City of Vancouver considers removing downtown viaducts, increasing park space
When local development consultant Michael Geller went to South Korea for Expo 2012, Vancouver’s viaducts were among the things on his mind. That’s why one of his first stops was a place called Cheonggyecheon.
Cheonggyecheon is a renowned promenade that’s been hailed as a model of urban renewal. It’s actually an ancient stream that runs through the heart of the capital city of Seoul. But until 2005, the waterway was paved over. An elevated highway ran above it.
The stream was restored with the removal of the 5.8-kilometre freeway. Cheonggyecheon now attracts local and international visitors for strolls on its banks. Geller was pleased with what he saw.
“It has really become quite a beautiful walkway through the city,” he told the Georgia Straight in a phone interview on May 29, a day after he returned from South Korea.
May 29 was also the day when Vancouver city staff released online a concept of what it may look like if the Georgia and Dunsmuir viaducts are torn down.
The slide presentation talks about the potential of 25.25 acres of park space once the viaducts are gone. It also proposes merging Pacific and Expo boulevards north of the SkyTrain guideway, with a connection to Georgia Street. Carrall Street will run straight to False Creek, connecting people to the water.
Watch the presentation from the City of Vancouver.
It’s not just going to be about park space. The demolition of the viaducts will also create new communities. The presentation cites a development potential of approximately 850,000 square feet. It notes that the move will also provide affordable housing opportunities.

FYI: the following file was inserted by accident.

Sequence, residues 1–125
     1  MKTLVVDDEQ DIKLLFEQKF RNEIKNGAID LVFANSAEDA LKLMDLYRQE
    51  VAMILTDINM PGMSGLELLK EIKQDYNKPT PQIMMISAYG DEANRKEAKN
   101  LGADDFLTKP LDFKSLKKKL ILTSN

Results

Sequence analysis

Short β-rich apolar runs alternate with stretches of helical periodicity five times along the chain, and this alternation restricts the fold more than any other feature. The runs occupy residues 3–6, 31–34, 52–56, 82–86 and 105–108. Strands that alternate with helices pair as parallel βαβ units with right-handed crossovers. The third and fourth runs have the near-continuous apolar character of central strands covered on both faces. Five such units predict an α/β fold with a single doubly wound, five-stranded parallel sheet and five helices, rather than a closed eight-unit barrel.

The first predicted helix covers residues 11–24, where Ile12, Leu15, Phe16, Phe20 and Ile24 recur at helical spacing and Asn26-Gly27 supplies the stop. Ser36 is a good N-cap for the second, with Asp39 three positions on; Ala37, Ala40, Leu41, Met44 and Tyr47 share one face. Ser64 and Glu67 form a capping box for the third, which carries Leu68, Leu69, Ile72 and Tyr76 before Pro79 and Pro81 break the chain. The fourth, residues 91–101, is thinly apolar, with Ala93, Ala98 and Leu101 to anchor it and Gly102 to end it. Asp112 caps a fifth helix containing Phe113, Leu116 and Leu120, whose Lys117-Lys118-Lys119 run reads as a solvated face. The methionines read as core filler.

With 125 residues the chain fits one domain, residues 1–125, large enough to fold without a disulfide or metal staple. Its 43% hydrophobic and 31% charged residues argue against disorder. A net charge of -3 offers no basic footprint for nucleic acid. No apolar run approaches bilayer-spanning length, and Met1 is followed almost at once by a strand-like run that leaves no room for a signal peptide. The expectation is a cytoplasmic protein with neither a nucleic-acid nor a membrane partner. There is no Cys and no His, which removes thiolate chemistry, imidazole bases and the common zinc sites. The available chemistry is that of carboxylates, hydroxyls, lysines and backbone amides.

According to Geller, the city-owned lands below and at the eastern end of the viaducts may be a desirable location for a mix of market and nonmarket housing.
“To create affordable housing, the land does not have any real value,” Geller said. “If you want to create affordable housing, the land would have to be free. For the market housing in this location, however, once the sites are serviced, I think it’s not unreasonable to guess that the land has a value of about $150 per square foot.”
City councillor Geoff Meggs initiated council’s review of the future of the viaducts in 2009.
According to the first-term councillor, the two city-owned blocks on either side of Main Street between Union and Prior streets are considered by many as “logical for development”.
“Those two blocks have room for affordable housing or any number of things,” Meggs told the Straight in a phone interview on May 30. “Their development could facilitate a whole set of objectives.”
These include making Chinatown whole again. The original Georgia Viaduct was completed in 1915. It was replaced by the current twin viaducts during the 1960s. According to Meggs, this cut off the two blocks bounded by Union and Prior streets from the historic community.
“My discussions with Chinatown business interests and community leaders have gone well,” Meggs said. “They hope that would reconnect them back down Main Street.”
Meggs has previously credited architect and urban designer Bing Thom for taking an initial look at the feasibility of removing the viaducts.
In an interview in November 2009, Thom noted that this action would release at least 100,000 square feet of city land. “If you took four or five city blocks, and if you have the density of let’s say seven, which is what’s in the downtown, and say, ‘Okay, it’s $50 a square foot,’ or whatever, you probably get a few hundred million dollars of real estate,” the architect told the Straight in a phone interview at that time. “That’s just sitting there as a potential, which we could put to better use and create more housing and make things more affordable for working people.”
It’s still early days. For one thing, according to Meggs, council has to make a final decision about the fate of the viaducts. And as for Geller, he’s interested in costs.
The city is hosting three open houses about the viaducts from June 5 to 9. Details are available at vancouver.ca/.